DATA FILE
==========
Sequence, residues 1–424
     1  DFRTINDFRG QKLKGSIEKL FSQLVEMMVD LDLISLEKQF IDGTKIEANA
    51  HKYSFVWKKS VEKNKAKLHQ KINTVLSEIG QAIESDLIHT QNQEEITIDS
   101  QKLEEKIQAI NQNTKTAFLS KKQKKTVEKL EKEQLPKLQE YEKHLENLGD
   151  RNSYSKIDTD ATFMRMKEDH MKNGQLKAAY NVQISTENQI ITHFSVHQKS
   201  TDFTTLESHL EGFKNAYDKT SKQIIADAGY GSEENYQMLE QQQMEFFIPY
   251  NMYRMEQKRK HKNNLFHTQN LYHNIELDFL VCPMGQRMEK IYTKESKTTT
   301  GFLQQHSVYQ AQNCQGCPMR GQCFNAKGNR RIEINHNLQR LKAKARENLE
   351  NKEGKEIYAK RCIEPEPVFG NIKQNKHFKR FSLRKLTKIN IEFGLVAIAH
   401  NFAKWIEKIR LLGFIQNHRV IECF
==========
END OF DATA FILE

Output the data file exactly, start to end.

Sequence, residues 1–424
     1  DFRTINDFRG QKLKGSIEKL FSQLVEMMVD LDLISLEKQF IDGTKIEANA
    51  HKYSFVWKKS VEKNKAKLHQ KINTVLSEIG QAIESDLIHT QNQEEITIDS
   101  QKLEEKIQAI NQNTKTAFLS KKQKKTVEKL EKEQLPKLQE YEKHLENLGD
   151  RNSYSKIDTD ATFMRMKEDH MKNGQLKAAY NVQISTENQI ITHFSVHQKS
   201  TDFTTLESHL EGFKNAYDKT SKQIIADAGY GSEENYQMLE QQQMEFFIPY
   251  NMYRMEQKRK HKNNLFHTQN LYHNIELDFL VCPMGQRMEK IYTKESKTTT
   301  GFLQQHSVYQ AQNCQGCPMR GQCFNAKGNR RIEINHNLQR LKAKARENLE
   351  NKEGKEIYAK RCIEPEPVFG NIKQNKHFKR FSLRKLTKIN IEFGLVAIAH
   401  NFAKWIEKIR LLGFIQNHRV IECF